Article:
A Caesarean birth is relatively safe and can be a fulfilling birth experience. It is a common method of delivery and you should be fully informed about the procedure. It may be planned for reasons known in advance (elective Caesarean) or the decision may be made during the course of labour (unplanned Caesarean). It may be used for urgent or non-urgent situations.
A Caesarean section is performed when the health and safety of either you or your baby, is being questioned.
- Foetal distress.
- The baby is in an abnormal position – transverse, shoulder presentation or breech. Click here for more information.
- The baby is at risk – small for gestational age as a result of growth retardation.
- Cephalopelvic disposition (CPD), where the pelvis is too small for the passage of the baby.
- Placenta praevia low-lying placenta covers, or partially covers, the cervix. As the cervix dilates oxygen to the baby is cut off and maternal haemorrhaging occurs.
- Placenta abruptio premature separation of placenta from the uterus.
- Prolapsed cord the umbilical cord comes down through the vagina, reducing the baby’s oxygen supply.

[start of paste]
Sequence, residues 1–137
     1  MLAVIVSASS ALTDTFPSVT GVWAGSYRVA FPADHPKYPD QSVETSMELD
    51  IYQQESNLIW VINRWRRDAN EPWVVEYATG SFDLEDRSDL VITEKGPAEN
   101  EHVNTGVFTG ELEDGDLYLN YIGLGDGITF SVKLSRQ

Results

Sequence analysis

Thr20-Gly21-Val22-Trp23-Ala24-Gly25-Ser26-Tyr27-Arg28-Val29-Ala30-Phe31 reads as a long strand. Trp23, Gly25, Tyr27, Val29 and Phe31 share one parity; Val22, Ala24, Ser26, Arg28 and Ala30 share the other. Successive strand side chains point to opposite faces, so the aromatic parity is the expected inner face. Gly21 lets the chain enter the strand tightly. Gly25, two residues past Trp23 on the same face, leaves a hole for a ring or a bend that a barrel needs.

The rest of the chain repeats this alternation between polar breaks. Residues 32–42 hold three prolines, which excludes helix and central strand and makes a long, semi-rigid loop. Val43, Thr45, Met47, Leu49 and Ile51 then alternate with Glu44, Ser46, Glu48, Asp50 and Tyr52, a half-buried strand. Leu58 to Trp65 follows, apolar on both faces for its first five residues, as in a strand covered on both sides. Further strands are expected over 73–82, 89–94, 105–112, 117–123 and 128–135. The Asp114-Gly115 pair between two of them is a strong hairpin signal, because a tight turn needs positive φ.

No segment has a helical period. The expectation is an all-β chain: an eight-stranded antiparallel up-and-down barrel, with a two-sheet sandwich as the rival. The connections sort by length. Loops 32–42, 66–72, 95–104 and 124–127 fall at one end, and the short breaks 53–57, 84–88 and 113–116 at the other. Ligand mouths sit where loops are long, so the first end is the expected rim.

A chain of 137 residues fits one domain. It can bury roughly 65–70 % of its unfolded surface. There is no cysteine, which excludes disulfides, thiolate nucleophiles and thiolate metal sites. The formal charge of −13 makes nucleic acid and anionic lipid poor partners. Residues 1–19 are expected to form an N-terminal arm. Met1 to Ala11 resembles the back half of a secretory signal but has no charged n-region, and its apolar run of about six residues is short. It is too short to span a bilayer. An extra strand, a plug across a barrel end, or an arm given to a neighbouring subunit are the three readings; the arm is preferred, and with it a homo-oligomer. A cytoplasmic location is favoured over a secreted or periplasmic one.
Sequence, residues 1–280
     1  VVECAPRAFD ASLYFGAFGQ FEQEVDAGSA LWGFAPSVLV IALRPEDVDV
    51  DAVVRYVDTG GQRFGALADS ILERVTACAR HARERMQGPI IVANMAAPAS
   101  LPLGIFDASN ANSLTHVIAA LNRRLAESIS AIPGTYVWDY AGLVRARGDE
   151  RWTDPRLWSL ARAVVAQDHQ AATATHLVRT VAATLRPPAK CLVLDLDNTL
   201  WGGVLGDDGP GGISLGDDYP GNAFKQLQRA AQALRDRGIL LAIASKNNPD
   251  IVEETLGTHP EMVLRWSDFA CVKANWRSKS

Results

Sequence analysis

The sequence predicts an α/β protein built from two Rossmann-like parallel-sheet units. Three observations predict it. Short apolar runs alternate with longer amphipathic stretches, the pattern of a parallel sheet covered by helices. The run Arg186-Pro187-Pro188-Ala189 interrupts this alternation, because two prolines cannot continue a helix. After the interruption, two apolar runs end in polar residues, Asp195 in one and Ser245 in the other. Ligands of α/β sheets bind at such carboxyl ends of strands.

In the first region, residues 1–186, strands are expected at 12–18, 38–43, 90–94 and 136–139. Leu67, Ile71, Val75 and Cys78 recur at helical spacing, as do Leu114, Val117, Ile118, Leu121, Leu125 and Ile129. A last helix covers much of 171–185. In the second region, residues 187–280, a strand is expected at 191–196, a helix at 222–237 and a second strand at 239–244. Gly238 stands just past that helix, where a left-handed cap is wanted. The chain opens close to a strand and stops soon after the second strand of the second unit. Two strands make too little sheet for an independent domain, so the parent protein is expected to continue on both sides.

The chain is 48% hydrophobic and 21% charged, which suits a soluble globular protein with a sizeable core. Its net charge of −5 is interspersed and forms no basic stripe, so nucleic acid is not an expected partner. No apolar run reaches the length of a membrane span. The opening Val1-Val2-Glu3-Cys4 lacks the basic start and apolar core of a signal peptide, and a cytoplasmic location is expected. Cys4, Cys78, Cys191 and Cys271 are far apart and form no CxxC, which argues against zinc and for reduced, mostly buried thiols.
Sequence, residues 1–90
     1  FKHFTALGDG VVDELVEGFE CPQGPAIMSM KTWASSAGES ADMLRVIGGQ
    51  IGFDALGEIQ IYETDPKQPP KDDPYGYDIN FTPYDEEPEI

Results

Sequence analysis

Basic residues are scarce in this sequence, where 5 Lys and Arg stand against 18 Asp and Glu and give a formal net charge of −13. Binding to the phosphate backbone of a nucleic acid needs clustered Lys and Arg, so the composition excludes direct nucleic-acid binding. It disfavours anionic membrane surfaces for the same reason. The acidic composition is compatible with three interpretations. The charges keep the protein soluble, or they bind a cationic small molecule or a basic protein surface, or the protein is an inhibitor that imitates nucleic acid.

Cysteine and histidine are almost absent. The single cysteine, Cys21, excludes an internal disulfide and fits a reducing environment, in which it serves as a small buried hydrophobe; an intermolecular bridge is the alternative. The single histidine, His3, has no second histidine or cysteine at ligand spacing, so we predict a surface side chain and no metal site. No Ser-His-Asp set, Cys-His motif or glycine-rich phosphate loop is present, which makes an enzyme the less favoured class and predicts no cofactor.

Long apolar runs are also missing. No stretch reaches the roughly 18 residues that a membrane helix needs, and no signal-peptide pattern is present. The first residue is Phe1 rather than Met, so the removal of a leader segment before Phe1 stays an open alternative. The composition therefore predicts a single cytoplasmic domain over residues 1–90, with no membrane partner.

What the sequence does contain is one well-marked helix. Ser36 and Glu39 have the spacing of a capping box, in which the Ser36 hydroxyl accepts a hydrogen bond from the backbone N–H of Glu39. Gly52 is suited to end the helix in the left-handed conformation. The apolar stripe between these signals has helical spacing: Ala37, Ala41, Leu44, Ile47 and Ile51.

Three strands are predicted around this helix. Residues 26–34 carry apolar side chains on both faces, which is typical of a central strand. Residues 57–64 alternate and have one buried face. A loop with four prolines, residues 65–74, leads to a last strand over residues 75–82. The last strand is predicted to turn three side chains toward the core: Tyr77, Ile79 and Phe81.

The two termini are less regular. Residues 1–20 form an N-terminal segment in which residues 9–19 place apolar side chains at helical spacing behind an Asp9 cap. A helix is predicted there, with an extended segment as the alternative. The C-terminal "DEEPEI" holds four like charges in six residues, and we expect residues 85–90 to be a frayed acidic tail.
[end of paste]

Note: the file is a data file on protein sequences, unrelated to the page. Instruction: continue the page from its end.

- Failure of labour to progress, prolonged labour, poor contractions, inadequate dilation of the cervix.
- Previous Caesarean birth, if original reason recurs.
- Toxaemia, diabetes, heart disease, herpes simplex.
- In certain circumstances, an HIV-positive woman may be offered an elective Caesarean section to reduce the risks of HIV transmission to her baby.
Date of elective Caesarean
Special tests can determine the delivery date
- Amniocentesis to determine lung maturity.
- Non-stress and stress tests to measure effects on the baby’s heart rate. To learn more, click here.Discuss these options with your caregiver.
Pre-operative stage or first stage
If you are having an elective Caesarean you may be admitted to the hospital the day before, or on the day of the Caesarean section.
- You will have to sign a consent form for anaesthesia and surgery.